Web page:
Some sports photographers do shoot RAW, but you may be surprised that it’s relatively uncommon.
My name is Caleb, and I’ve been a sports photographer for more than four years. My experience includes shooting multiple sports at various levels, from soccer to basketball.
In this article, I’ll talk about the question of RAW vs. JPEG and which one is used more often by sports photographers.
If you’re getting into sports photography and are curious about which one to use, keep reading for an overview and the pros and cons of both.
What Is RAW?
Before we get into whether photographers shoot in RAW or not, we should briefly go over what that is in the first place. RAW refers to a file format, one of the two main formats that digital cameras can shoot in.
The other format is JPEG, which is much more well-known and widespread. We’ll get into the pros and cons of JPEG compared to RAW a bit later.
The main thing to know about the RAW format is that it retains more data behind the scenes. This allows the photographer to change more things after importing their photos into an editing program like Lightroom.
RAW files are larger, which fills up a memory card faster, but they offer more creative control. This is especially useful when shooting in challenging conditions, as RAW photos are easier to edit problems out of.
Do Sports Photographers Shoot RAW?
Whether a sports photographer shoots RAW or not largely depends on personal preference, as well as the requirements of their specific role. Some sports photographers can get a lot out of using the file format. Others might not see much benefit.
For example, a sports photographer hired to take a few good action shots of a particular player may use the RAW format to squeeze the most quality out of those few shots during editing.
A photographer assigned to take a lot of shots and send them off during or immediately after the game, however, won’t have the time to do much editing and get the most out of the format. This photographer might be better off shooting JPEG.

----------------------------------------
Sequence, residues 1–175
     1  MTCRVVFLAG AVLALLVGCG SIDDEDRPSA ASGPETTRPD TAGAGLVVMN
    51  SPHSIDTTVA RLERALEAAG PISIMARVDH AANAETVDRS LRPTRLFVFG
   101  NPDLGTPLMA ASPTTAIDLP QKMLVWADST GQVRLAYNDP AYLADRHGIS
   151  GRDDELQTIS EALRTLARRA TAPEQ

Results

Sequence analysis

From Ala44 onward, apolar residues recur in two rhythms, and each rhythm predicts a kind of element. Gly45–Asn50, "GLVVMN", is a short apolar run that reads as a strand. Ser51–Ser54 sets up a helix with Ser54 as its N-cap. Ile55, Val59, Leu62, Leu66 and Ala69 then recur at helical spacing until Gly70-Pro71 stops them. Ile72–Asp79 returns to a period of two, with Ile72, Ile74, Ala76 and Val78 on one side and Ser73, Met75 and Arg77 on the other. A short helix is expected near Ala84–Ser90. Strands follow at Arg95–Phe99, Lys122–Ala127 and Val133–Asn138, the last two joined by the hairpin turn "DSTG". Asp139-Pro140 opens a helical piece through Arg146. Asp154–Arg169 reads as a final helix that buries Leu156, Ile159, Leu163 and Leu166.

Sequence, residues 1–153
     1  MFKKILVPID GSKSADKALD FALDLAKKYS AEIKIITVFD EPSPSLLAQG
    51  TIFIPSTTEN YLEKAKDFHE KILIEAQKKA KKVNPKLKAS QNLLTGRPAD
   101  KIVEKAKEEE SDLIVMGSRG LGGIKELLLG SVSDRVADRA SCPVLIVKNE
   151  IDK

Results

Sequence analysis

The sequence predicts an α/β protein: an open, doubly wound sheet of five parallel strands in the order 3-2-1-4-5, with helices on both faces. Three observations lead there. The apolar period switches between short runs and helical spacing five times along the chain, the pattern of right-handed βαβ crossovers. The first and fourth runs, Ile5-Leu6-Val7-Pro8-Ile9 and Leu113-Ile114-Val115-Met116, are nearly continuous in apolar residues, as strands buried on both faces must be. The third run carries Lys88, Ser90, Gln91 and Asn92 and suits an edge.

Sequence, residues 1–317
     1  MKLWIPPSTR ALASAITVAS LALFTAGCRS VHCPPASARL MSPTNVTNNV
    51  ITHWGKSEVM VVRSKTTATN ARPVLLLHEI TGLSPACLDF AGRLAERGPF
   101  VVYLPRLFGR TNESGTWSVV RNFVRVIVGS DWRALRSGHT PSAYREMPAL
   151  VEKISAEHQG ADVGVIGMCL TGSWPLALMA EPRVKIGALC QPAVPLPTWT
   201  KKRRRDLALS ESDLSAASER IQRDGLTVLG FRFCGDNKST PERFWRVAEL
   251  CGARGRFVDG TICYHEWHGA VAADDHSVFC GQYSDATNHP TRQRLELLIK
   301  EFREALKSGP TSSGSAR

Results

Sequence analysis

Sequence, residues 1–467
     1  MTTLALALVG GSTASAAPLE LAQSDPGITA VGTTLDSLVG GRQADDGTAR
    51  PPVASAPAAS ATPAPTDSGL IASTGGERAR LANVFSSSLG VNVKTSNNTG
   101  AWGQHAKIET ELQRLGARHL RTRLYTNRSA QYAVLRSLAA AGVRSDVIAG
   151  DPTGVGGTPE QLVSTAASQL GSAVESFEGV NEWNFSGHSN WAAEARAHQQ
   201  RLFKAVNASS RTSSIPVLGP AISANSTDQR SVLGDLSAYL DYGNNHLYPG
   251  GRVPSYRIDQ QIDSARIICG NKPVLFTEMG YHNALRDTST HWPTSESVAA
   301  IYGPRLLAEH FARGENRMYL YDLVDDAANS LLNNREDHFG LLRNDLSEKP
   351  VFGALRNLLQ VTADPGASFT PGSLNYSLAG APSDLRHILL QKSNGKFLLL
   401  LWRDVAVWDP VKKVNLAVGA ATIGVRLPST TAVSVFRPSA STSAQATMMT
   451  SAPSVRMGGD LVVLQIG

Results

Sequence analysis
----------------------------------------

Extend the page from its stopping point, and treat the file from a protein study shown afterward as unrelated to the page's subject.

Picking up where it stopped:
Also, many sports photographers don’t edit photos as highly as, say, studio photographers. Composition is more important than pure image quality in sports, and some sports photographers simply don’t see the need to shoot in RAW.
Pros and Cons of Shooting RAW
Are you still on the fence about whether you should shoot RAW or JPEG as a sports photographer? Here are some of the pros and cons of the RAW format.
As we said earlier, shooting RAW gives you more creative control. And if you’re into editing photos to bring out every ounce of quality, this might be the format for you.
Also, shooting RAW is arguably more forgiving. Because there’s more info retained in the files, you’ll have more options when going back to fix things in editing.
RAW is a much better format for fixing a “bad” photo and can be helpful if you’re shooting in dodgy lighting.
Sometimes, you won’t really be able to tell how good your photos are until you’re back home and looking at them on your computer. In these situations, it’s nice to have more options for correcting things like the exposure after the fact.
Of course, RAW isn’t without its downsides. One of the obvious ones is file size. RAW files are larger compared to JPEGs, so you can’t fit as many on a memory card.
Also, due to their size, it takes longer to write RAW files to the card. This is particularly bad for sports photography, where capturing the action usually requires burst shooting. Many sports photographers prefer JPEG mainly because of this.
Finally, you need specialized software like a photo editing program to open and use RAW files. If you don’t have a program like Lightroom installed, shooting RAW will leave you with many useless files.
This also means RAW isn’t suitable for shooting pictures and quickly uploading them. If time is more important than editing, JPEG might be better.
Here are some frequently asked questions about RAW format.
Why Do JPEGs Look Better Than RAW?
JPEG photos may look better “straight out of the box” because more processing is done automatically in this format. When shooting RAW, you’ll have to do that processing yourself in editing.
Do Professional Photographers Shoot In RAW Or JPEG?
There’s no real consensus among professional photographers on RAW vs. JPEG. Like in the amateur community, many pro photographers shoot RAW, and many others shoot JPEG.
In conclusion, some sports photographers shoot in RAW, but not enough to form a consensus by any means. RAW format offers some advantages but also presents several problems to sports photographers, like slower shooting speed.
If you’re picking between the two, you should look at your own needs and choose the best option for your situation.
Do you already have a preference for RAW vs. JPEG? Do you think RAW is viable for sports photography? Let us know in the comments.